Page last updated at 13:11 GMT, Thursday, 20 November 2008

Caviar squad 'a strange priority'

By Mark Lobel

Sturgeon are endangered and covered by international trade regulations

A government crack-down on caviar smuggling is a "strange thing to prioritise" at a time of economic gloom, a shadow minister has said.

Lord Taylor questions the setting up of a caviar squad - a police-led team of 16 trained wildlife inspectors.

They will check special labelling on products brought in to stop illegal trading of the endangered fish eggs.

Ministers say illegal caviar trading is worth hundreds of thousands of pounds and may have organised crime links.

Details of the caviar-inspection team emerged in a written parliamentary answer to Lord Taylor, who had asked for details of the inspections.

The environment, food and rural affairs minister Lord Hunt confirmed that "16 wildlife inspectors have received specific training relating to the labelling of and trade in caviar".

He added: "No work has yet been undertaken with local authority hygiene inspectors to complete joint visits to food preparation centres, shops and restaurants. It is anticipated such visits will be developed in the future."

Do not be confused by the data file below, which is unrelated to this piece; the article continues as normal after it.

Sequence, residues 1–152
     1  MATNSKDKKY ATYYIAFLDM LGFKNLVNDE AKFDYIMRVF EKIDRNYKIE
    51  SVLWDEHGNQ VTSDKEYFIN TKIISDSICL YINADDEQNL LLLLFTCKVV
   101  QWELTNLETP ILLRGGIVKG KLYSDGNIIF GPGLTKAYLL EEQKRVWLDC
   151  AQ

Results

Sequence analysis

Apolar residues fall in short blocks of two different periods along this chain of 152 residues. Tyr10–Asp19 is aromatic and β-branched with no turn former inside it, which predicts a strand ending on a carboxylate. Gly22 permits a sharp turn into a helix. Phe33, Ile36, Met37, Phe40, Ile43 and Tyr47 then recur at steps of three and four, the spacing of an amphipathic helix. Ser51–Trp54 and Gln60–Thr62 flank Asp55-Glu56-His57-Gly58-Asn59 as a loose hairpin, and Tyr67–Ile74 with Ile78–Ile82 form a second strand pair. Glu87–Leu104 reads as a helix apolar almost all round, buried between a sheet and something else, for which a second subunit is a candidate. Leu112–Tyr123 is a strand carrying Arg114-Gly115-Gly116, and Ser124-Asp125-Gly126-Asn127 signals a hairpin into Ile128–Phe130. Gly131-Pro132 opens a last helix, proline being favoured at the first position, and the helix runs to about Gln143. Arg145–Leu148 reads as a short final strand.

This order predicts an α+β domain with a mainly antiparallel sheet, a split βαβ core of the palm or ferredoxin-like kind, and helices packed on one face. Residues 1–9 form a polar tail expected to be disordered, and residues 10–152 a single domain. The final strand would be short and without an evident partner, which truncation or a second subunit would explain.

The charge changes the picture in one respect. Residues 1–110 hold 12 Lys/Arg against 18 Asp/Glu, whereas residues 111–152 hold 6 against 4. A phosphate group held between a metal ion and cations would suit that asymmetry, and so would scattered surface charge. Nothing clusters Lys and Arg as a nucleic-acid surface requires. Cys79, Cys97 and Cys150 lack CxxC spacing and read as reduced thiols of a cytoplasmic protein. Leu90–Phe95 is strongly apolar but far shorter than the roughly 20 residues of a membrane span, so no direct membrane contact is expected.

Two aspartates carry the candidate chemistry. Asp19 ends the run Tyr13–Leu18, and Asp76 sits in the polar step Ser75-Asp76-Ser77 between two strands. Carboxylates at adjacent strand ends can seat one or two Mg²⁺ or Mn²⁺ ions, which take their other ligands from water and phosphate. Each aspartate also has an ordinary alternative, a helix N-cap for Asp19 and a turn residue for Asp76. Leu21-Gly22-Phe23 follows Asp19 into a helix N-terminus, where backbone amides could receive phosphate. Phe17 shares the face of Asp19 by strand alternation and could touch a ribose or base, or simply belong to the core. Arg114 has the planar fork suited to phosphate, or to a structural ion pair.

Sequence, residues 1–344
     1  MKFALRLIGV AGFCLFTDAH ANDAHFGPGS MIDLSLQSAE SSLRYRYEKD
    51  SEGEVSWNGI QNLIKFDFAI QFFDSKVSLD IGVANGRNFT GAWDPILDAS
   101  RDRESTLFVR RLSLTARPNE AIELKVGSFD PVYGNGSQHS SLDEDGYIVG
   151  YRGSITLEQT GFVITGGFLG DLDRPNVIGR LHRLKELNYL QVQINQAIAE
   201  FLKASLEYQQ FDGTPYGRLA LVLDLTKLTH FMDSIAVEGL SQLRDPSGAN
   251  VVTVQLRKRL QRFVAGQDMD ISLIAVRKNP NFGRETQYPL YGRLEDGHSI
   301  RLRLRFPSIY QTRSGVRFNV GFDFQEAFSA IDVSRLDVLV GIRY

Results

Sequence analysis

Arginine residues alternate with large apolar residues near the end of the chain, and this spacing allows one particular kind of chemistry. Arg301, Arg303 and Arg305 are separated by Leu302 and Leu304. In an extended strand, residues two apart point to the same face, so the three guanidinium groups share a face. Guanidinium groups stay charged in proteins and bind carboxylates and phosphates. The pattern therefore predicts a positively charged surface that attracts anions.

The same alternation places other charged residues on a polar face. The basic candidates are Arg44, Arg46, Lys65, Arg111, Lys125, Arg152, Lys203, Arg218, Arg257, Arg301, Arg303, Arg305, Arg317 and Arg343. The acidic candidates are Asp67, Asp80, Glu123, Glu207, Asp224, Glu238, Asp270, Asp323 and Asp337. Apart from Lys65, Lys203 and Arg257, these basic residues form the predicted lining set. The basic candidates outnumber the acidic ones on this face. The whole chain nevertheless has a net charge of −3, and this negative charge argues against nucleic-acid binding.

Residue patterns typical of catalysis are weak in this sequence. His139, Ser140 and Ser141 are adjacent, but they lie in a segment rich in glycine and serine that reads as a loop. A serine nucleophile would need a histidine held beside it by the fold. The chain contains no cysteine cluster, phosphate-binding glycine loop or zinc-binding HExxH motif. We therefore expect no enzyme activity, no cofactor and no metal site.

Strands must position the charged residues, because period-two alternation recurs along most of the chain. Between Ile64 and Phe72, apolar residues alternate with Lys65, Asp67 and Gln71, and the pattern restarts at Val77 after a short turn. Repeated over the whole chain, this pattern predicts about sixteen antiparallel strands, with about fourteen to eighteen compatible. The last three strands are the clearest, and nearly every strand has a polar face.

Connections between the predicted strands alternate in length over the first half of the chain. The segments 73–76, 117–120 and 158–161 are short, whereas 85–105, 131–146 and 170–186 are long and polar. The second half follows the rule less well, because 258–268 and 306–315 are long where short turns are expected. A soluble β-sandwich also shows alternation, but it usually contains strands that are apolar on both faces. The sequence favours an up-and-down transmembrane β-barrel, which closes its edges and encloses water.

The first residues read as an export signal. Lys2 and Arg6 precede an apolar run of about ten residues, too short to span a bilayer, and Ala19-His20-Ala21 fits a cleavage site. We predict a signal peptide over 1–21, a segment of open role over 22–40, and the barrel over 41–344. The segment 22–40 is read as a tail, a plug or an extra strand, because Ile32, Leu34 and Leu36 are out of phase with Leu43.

A Defra spokesman told the BBC the illegal trade in caviar had "devastated the sturgeon population, is worth hundreds of thousands of pounds, and the criminals involved are often linked to international organised crime".

Inspector Nevin Hunter has been seconded from Devon and Cornwall police to lead the Wildlife Inspectorate of 80 inspectors, which will also examine other serious wildlife crimes.

I'd have thought the consumption of caviar was not a majority interest at this dire economic time

Lord Taylor
Shadow environment minister

The 16 wildlife inspectors with specific caviar training have so far visited eight companies licensed to repackage caviar in the UK, with stocks and packaging also being inspected at several retail outlets.

Lord Taylor thinks the Department for Environment, Food and Rural Affairs should not be focusing so heavily on caviar inspections at this time.

He told the BBC: "I'd have thought the consumption of caviar was not a majority interest at this dire economic time.

"I can't see 16 of them (inspectors) are needed. One person would be enough to monitor where caviar is served and find out the necessary information."

In June last year the government announced a caviar labelling system in line with the Convention on International Trade in Endangered Species - which covers all sturgeon fish from which caviar is made - and EC trade regulations.

That was in response to the illegal trading of more than 600 tonnes of caviar - worth around 500 for 100g - in the EU between 1998 and 2004.

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